This sort of arrangement provides extensive design flexibility.  One, two, three or four vaulted arches can meet at right angles to each other, merging seamlessly into a larger dome or spherical section.

This arrangement creates some very interesting possibilities far outside the realm of masonry.  Could this arrangement have something to do with the structure of DNA and the "magic" of reproduction?  We'll take a look at this next time, including a discussion of centromeres and telomeres.

1. I seek your advice on thickness of the wall for hemispherical shaped 2storey house. Would single skin of trapizum (don't know a batter name)shaped interlocking bricks suffice? Thanks for your interesting articles

2. As with any engineering question, the answer is often: "it depends." How strong is your material? How dense? Assuming manufactured concrete block, 8 inches thick should suffice. You can use a thinner wall if your structure is not a full hemisphere, but you must resolve the thrusting forces at the base by having a substantial anchor. I discussed this somewhat more here: http://masonrydesign.blogspot.com/2010/07/lessons-learned-from-galileos-mistake.html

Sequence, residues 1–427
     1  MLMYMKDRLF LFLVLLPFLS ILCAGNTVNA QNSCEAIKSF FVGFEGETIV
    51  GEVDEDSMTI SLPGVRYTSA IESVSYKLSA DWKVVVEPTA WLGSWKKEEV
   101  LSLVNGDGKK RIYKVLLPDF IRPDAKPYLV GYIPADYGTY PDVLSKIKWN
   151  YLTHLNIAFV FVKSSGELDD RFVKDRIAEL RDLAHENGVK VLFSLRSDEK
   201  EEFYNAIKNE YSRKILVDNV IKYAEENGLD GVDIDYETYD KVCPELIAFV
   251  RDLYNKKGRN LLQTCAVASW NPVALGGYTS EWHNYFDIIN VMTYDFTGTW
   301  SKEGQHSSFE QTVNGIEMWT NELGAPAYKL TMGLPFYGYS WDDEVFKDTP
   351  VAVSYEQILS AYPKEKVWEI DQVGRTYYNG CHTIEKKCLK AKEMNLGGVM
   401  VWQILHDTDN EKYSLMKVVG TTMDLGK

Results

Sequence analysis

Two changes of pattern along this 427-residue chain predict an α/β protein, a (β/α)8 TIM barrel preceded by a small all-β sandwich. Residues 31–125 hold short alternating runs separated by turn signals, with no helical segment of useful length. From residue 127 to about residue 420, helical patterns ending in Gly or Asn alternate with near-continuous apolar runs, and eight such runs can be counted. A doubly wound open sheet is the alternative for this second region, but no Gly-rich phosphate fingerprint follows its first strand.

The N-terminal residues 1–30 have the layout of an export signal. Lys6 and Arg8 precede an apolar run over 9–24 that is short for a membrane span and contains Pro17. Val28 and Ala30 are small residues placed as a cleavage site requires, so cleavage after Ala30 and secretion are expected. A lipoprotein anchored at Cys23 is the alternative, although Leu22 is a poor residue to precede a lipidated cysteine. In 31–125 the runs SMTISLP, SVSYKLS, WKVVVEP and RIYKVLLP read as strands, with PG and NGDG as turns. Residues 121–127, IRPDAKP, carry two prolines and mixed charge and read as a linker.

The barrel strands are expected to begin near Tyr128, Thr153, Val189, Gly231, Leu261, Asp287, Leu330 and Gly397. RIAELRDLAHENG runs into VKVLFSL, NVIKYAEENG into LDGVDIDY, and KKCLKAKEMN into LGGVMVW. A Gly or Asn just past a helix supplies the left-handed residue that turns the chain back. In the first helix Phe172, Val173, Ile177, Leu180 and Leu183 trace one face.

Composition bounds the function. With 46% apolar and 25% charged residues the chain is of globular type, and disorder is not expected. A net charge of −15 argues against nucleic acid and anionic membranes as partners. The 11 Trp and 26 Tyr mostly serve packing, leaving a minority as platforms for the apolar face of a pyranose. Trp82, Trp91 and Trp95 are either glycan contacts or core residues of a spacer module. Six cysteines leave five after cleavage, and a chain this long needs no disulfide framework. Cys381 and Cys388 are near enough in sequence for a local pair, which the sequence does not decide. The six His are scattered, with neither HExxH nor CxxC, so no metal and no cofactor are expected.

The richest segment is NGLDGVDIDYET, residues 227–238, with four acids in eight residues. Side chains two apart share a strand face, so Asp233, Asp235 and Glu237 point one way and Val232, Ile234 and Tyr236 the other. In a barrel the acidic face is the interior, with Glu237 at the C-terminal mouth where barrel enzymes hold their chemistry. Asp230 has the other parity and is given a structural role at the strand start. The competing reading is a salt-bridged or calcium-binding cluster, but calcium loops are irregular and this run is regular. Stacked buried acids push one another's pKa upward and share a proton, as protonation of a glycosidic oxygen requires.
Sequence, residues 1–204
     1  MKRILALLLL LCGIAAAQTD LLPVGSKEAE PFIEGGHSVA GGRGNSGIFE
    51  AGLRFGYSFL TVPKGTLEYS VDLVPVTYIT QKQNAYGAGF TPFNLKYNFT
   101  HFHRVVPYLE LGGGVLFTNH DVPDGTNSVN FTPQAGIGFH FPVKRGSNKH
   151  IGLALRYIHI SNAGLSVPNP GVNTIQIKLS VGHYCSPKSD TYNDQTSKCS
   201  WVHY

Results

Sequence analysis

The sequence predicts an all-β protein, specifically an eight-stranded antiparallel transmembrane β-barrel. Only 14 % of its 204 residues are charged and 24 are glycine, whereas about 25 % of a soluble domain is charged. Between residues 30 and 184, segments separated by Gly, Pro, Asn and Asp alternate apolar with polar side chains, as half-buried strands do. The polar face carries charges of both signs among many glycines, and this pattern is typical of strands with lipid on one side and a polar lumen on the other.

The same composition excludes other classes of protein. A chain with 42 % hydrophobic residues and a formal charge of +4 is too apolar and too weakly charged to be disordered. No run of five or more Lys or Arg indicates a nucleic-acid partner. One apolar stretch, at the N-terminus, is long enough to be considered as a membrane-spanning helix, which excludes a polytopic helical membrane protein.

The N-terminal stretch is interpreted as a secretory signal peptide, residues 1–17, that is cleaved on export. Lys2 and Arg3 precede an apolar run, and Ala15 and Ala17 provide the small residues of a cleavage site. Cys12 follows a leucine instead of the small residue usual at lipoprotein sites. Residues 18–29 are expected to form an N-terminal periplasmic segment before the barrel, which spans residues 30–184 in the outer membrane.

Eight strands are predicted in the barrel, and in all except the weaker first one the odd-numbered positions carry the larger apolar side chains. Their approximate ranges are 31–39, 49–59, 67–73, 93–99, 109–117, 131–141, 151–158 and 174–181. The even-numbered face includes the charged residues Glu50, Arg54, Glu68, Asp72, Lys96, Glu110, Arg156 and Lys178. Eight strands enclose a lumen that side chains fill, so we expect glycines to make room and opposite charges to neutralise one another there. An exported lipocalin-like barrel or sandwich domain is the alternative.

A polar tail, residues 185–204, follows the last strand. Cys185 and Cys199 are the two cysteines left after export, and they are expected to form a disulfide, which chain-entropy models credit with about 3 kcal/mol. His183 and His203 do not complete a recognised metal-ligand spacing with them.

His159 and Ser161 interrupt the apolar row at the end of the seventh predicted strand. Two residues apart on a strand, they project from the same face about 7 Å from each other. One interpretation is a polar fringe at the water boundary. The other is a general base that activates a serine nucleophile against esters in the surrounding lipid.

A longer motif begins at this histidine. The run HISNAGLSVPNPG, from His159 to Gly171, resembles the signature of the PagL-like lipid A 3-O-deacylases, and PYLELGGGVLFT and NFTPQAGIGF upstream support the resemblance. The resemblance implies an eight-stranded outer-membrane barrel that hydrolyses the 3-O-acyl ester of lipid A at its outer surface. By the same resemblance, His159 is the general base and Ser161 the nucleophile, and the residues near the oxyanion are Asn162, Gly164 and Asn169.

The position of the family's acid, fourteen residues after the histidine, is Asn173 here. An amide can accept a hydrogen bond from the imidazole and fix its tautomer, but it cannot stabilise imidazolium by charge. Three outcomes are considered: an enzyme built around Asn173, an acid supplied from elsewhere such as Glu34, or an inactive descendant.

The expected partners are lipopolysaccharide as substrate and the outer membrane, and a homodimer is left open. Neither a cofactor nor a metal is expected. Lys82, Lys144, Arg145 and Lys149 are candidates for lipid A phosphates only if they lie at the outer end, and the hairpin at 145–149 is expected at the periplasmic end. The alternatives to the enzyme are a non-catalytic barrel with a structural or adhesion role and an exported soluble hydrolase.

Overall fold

and here: http://masonrydesign.blogspot.com/2010/07/more-on-galileo-and-master-masons.html

3. Thanks for your reply and all interesting articles you wrote. The reason behind hemispherical shape is opportunity to use the same size 'trapizium' block throwout entire construction. House would have large round opening at the top for round chimney and skylight and all covered with earth

4. Thanks for your reply and all interesting articles you wrote. The reason behind hemispherical shape is opportunity to use the same size 'trapizium' block throwout entire construction. House would have large round opening at the top for round chimney and skylight and all covered with earth

5. ..and a few windows around. The reason behind covering it with earth is to anchor the entire house, gain some insulation and heat retention. How to calculate minimum wall thickness where radius of the house is 7m and skylight radius is 2m?

6. It is smart to cover the dome with earth, this will actually make it stronger by keeping the thrust force lines within the wall thickness. "Wall thickness" can be thought of in different ways: (1) the thickness between inside and outside of the dome (2) The thickness of the trapezoidal ("trapizium") masonry unit. To help you visualize this, take a look at the ancient Roman Pantheon: